March 28, 2013

162017_132140396847214_292624_nIn a report issued by the Society of Actuaries earlier this month, researchers have concluded that the Affordable Care Act (“ACA”) will raise health care claims costs in the United States by an average of 32% by the year 2017 (assuming that all states expand Medicaid coverage).

The researchers further predict that as many as 43 U.S. states will experience double-digit health care claims costs increases (those states with the largest increases: 80.9% increase in Ohio, 80.0% increase in Wisconsin, 67.6% increase in Indiana, 66.6% increase in Maryland, and 62.2% increase in Idaho). However, some states are predicted to experience decreases in claims costs (13.9% decrease in New York, 12.8% decrease  in Massachusetts, 12.5% decrease in Vermont, 6.6% decrease in Rhode Island, and 1.4% decrease in New Jersey).

What Is The ACA And What Is Its Intended Purpose?

Passage of the “Patient Protection and Affordable Care Act” was a major legislative effort under the first Obama Administration (commonly referred to as “Obamacare”) and became law in the United States three years ago (March 2010), with the stated purpose to expand health insurance coverage to millions of Americans who did not have health care insurance. The ACA attempts to achieve its goals by restricting commercial health insurance carriers from using a person’s health status to deny coverage, to exclude people with pre-existing conditions from coverage, or to vary the premiums charged for coverage.

The ACA attempts to offset the burdens and obligations that it imposes on insurers and employers and to increase participation in health insurance plans by providing for premium and cost-sharing subsidies through a so-called Health Benefits Exchange (“HBE”) along with imposing a tax penalty on individuals who do not purchase sufficiently valuable health insurance coverage. The ACA seeks to expand health coverage in the United States by providing the states with the option to expand Medicaid coverage to almost all adults who fall below 138% of the Federal Poverty Level (“FPL”); by requiring all large employers to offer health insurance to full-time employees or otherwise pay a penalty; and, by providing an incentive to small employers to provide health coverage by providing a tax credit to them to offset the cost of providing health coverage for their employees.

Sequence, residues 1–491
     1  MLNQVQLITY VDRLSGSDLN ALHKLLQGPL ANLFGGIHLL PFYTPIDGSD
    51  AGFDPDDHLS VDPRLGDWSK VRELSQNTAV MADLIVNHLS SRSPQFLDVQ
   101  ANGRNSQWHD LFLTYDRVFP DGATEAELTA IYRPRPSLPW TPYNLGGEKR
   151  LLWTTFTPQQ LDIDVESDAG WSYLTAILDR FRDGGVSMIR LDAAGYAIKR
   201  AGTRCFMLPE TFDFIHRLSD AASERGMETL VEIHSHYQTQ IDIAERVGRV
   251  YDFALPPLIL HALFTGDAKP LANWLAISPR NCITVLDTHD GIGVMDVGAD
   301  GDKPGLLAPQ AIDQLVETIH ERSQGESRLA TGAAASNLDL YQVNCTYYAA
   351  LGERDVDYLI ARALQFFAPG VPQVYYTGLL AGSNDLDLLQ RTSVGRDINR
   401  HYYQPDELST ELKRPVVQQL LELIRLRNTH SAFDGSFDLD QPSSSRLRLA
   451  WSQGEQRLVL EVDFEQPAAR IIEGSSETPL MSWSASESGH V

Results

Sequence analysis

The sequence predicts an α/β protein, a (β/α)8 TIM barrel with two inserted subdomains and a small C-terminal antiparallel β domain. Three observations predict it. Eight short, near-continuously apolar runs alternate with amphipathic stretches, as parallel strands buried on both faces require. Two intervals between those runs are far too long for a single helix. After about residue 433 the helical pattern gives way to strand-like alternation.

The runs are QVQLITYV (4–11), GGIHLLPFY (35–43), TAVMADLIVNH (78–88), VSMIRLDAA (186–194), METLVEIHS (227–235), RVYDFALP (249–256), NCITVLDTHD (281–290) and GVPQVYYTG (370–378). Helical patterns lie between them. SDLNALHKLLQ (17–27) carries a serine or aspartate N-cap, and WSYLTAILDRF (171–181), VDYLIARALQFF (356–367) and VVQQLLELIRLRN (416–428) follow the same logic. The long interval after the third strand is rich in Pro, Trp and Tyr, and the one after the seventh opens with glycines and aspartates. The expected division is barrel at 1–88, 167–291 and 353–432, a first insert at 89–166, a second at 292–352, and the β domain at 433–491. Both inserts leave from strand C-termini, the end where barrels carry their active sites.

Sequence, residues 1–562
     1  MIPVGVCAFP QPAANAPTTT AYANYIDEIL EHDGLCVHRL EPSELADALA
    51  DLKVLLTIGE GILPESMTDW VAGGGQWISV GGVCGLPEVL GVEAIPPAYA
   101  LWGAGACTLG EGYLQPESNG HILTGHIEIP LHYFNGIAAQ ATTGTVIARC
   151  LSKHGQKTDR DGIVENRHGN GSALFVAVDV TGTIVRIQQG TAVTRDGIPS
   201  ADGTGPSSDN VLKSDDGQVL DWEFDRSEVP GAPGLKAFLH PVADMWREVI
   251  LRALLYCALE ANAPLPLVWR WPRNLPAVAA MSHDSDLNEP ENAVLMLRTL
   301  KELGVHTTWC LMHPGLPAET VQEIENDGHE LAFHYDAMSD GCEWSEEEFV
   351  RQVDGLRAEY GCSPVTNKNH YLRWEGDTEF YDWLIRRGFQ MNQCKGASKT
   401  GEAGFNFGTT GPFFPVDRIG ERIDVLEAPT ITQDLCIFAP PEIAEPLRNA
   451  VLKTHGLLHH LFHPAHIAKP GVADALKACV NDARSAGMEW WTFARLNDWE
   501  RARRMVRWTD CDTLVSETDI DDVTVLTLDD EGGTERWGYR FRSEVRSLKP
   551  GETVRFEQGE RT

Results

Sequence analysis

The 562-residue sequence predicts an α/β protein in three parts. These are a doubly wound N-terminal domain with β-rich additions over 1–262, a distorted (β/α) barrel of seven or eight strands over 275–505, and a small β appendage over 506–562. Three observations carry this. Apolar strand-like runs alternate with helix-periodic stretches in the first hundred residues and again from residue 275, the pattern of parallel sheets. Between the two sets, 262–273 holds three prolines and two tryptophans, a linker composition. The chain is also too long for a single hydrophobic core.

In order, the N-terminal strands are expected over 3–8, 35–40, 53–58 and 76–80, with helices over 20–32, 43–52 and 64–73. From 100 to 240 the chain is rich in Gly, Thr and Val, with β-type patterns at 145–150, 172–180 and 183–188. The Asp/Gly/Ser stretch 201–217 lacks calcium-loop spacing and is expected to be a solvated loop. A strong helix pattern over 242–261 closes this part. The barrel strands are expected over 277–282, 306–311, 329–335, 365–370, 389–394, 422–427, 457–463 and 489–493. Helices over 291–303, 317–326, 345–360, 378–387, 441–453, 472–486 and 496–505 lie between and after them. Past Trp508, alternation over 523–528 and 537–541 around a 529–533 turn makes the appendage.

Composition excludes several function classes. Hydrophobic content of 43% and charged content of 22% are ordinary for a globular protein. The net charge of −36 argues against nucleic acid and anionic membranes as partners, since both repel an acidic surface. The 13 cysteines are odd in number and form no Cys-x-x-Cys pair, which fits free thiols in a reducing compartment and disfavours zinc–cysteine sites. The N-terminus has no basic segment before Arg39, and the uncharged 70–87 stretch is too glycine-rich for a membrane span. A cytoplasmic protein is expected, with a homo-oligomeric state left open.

The Society of Actuaries report estimates that 32.4 million of the 52.4 million people who would otherwise be expected to not have health insurance coverage without the ACA will obtain health coverage (assuming all provisions of the ACA are fully implemented in 2014 and that all U.S. states expand Medicaid coverage). Of the 32.4 million who will gain health insurance coverage under the ACA, 10.4 million will do so through the individual exchange, 0.4 million will obtain health coverage through private non-group coverage, 2.2 million will obtain coverage in a Small Business Health Options Program (“SHOP”) Exchange, 5.4 million get coverage through other employer coverage, and 14.0 million will gain coverage through the expansion of Medicaid. However, the 32.4 million estimate is likely an over-estimation because many states have indicated that they will not expand Medicaid coverage.

The Society of Actuaries report stated the following three findings:

1. After three years of exchanges and insurer restrictions, the percentage of uninsured nationally will decrease from 16.6% to between 6.8% and 6.6%, compared to pre-ACA projections.

2. Under the ACA, the individual non-group market will grow 115%, from 11.9 million to 25.6 million lives; 80% of that enrollment will be in the Exchanges.

3. The non-group cost per member per month will increase 32% under ACA, compared to pre-ACA projections.

The Society of Actuaries report, entitled “Cost of the Future Newly Insured under the Affordable Care Act (ACA),” can be read in its entirety by clicking here.

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